Monadnock Region Food System: Shining a Light on Local Food and Farms
For the fourth year, Monadnock Buy Local shines a light on local food, farms and our entire Monadnock Region local food system during New Hampshire Eat Local Month. Our food system includes all the pieces needed to bring local food from the farm to your plate: the soil, farm labor, transportation and more to grow, harvest and distribute these goods to markets and directly to you. These pieces come together to form our local food system.
Stronger local food systems build healthier citizens, communities and local economies. Who is cultivating a stronger “Eat Local” movement in the Monadnock Region? Feast on these featured initiatives:
Growing Young Farmers
The Cornucopia Project and Farmer John’s Plot in Dublin recently launched a “Farm to Fork Fellowship” at ConVal High School in Peterborough. It’s an entrepreneurial program that teaches students how to grow produce throughout the year, run a CSA farm and then turn their harvest into value-added products like sauces, jams and dried spices.
Starting with four sophomores, students will participate in a sustainable agriculture course and use the Monadnock Art X Tech Makerspace as a “laboratory for innovation” to modify farm equipment and carry out hands-on projects. Once these students become juniors, they will return to the program to help train the next group of sophomores.
“We are empowering youth to do real work and gain life skills as valuable partners in our local food systems,” said Hannah Bissex, Farm to Fork Coordinator. “We’re giving young people the opportunity to gain unique entrepreneurial and agricultural skills by co-creating an economically viable business model that gives back to the community.”
Learn more at cornucopiaproject.org.
Farmers Lincoln Geiger and Anthony Graham now own the land where Temple Wilton Community Farm in Wilton sits — the oldest CSA farm in the country. Woo-hoo! This purchase happened thanks to over 340 individuals who donated or loaned $108,000 and the New Hampshire Charitable Foundation, New Hampshire Community Loan Fund and other organizations that contributed $508,000 in grants and loans.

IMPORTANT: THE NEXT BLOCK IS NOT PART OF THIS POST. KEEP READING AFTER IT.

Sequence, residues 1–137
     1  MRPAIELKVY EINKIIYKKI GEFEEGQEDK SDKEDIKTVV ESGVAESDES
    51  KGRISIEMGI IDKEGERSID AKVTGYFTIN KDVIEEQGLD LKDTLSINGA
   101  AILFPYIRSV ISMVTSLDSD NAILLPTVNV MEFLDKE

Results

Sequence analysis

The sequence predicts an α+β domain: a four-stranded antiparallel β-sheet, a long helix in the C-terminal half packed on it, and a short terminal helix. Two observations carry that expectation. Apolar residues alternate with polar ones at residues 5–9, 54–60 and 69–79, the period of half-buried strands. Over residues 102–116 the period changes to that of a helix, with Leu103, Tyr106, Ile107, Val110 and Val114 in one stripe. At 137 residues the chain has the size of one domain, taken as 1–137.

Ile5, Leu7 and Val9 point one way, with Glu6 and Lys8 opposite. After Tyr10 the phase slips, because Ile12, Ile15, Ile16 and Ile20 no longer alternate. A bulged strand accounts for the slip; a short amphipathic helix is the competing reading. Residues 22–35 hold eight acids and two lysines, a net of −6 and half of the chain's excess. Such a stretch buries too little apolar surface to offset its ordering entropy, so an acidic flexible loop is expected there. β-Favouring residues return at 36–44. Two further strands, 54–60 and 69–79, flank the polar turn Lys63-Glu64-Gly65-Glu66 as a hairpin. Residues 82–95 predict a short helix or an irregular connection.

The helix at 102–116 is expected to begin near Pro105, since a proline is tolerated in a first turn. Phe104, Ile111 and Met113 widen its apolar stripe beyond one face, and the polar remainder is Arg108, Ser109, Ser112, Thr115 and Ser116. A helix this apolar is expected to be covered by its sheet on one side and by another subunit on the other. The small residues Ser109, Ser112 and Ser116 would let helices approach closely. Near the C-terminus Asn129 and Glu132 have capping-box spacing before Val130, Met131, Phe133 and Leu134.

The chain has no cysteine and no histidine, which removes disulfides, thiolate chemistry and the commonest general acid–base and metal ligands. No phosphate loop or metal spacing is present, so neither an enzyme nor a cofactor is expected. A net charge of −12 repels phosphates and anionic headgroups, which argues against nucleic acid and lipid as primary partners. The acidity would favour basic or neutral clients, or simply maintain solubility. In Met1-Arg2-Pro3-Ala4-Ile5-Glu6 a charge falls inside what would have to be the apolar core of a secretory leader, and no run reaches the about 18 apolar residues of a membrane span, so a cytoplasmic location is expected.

“From this place, farmers will be able to bring forth food for many, many generations of people to come,” shared Lincoln Geiger. “It will be land that belongs to those who farm it, those who come to get their food, those who come to walk or visit and for the creatures wild and tame that share it with us.”
Discover more at twcfarm.com.
Finding Affordable Land for More Farmers
Access to affordable land is a major struggle for many beginning farmers. The Monadnock Conservancy recently produced the report “Farming on Conserved Land: Stories from Land Owners and Farmers” exploring the use of conserved land as farmland. Currently, the Monadnock Conservancy holds 45 easements on land with agricultural potential, but less than a quarter is farmed.
The report found that landowners of conserved land want their land farmed and where farming is already happening, owners want to increase their acres in production. However, landowners face obstacles like their inexperience with the realities of farming (the smells, sights and sounds) and the lack of technical expertise to draw up farm leases that balance the farmer’s business sustainability and the landowner’s desire not to “tie up the land.” Future efforts to overcome these obstacles may include training and technical assistance to draft leases and a local land-linking program to connect more farmers and potential farmers with interested landowners.